#RebuildUkraine | Russia-Ukraine war

Ukraine needs to think about its economic future after the war
Without clear plans for reconstruction, the country risks losing its greatest asset: people.

Smelter control room of Mopani Copper Mines, Mufulira, Zambia
Retroville shopping mall in Kyiv after a Russian missile airstrike, 23 March 2022 [Photo: kibri_ho/Shutterstock]

As of today, Ukraine is embroiled in a brutal struggle to remain an independent state, making it difficult to look beyond unfolding military events. Few, then, would be confident in predicting the circumstances amid which the country will eventually emerge from war and embark on its long road to recovery. The question of which sectors or areas of industry Ukraine should pursue when the time comes to relaunch its economy remains perilously unclear.

Some industrial facilities have been so utterly devastated that it is hardly worth restoring them to their previous, post-Soviet levels. Thus, rather than talking of ‘restoration’, it more pertinent to think in terms of ‘reformatting’ or ‘renovation’. Driven by the current high tide of patriotism, the Ukrainian economy is potentially in a strong position to embrace new industries, such as digital technologies, electronics and the defence industry.

Doing so will require considerable human resources. Given that a significant proportion of the population has already fled across the country’s borders, it is important to consider how refugees might be enabled to return, rather than relying on families being reunited abroad. Ukraine is already facing reduced in-flows of cash from those working abroad, as their earnings now often remain within their country of residence. This poses a major problem, as in recent years cash flows from foreign-based Ukrainians have exceeded direct foreign investments to Ukraine. Cross-border payment services also need improving to make payments from diaspora easier.

In order to pave the way for Ukrainians who now reside overseas to return, as well as to prevent the departure of those considering a new life abroad, the country must provide answers to the following questions: Where will people live? What will they eat? How will they earn a living? And where will their children by educated?

Where will people live?

Should the country remain in ruins, littered by ghost districts and partially constructed residential complexes, it will be difficult for many to rebuild their future here. In particular, Ukraine faces losing young, mobile people who might otherwise have played an active part in restoring the country’s economy. It is therefore crucial that principled decisions are made, and negotiations opened, to find sources of funding for new residential and infrastructure facilities, as well as temporary housing.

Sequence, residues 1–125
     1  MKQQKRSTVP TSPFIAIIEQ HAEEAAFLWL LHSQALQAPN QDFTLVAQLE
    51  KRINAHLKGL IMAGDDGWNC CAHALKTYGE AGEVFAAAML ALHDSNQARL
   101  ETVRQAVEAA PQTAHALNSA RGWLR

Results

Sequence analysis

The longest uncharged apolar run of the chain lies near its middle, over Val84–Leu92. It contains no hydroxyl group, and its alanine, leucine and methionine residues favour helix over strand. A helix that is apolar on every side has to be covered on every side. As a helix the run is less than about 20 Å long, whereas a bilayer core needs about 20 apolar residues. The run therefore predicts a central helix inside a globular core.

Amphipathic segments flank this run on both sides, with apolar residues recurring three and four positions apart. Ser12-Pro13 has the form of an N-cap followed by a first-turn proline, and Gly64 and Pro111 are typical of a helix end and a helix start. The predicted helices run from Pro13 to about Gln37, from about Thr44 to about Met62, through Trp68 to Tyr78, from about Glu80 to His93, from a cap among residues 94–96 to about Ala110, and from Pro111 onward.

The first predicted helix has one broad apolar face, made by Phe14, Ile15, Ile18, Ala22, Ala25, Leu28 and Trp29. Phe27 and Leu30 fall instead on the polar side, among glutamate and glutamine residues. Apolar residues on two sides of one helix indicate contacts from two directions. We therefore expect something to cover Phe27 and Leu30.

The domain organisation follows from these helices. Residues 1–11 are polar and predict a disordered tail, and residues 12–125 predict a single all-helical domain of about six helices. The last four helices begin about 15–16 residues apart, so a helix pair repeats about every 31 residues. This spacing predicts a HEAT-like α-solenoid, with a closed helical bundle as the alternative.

Many of those who have seen their homes or premises destroyed have been told they may receive compensation but without a specific date on the horizon. Such uncertainty about the future is counter-productive when it comes to reassuring citizens. Thus, plans need to be put in place now to ensure that people are confident inflation will not eat away at the payments they are to receive as part of any future rebuilding programme.

In terms of the short-term accommodation needed to partially solve the issue of destroyed housing, it is only in Lviv that efforts appear to be underway to build temporary complexes. Most regions – and in particular, Kyiv – have yet to demonstrate any plans on the issue. A nation-wide solution would be to establish a temporary reconstruction agency, along the lines of what Tymofiy Mylovanov and Gerard Roland recommend in a recent publication about post-war reconstruction and governance reforms.

When it comes to new houses or apartment blocks, various obstacles – from rampant inflation to labour shortages to interruptions in electricity and water supplies – have prevented developers from completing construction. In most cases, it is citizens’ money that is at stake. The fulfilment of investment obligations therefore needs to be guaranteed, if necessary by providing loans to ensure construction can continue.

Here, it is crucial to understand that if just one major developer goes bankrupt, it could trigger a domino effect comparable to what occurred in the US during the Great Depression. Such a catastrophe would in turn provoke a mental return to the 1990s, a time when the post-Soviet republics underwent a crushing period of economic transformation and impoverishment. Faced with this, many families will simply lose hope and seek to emigrate.

What will people eat?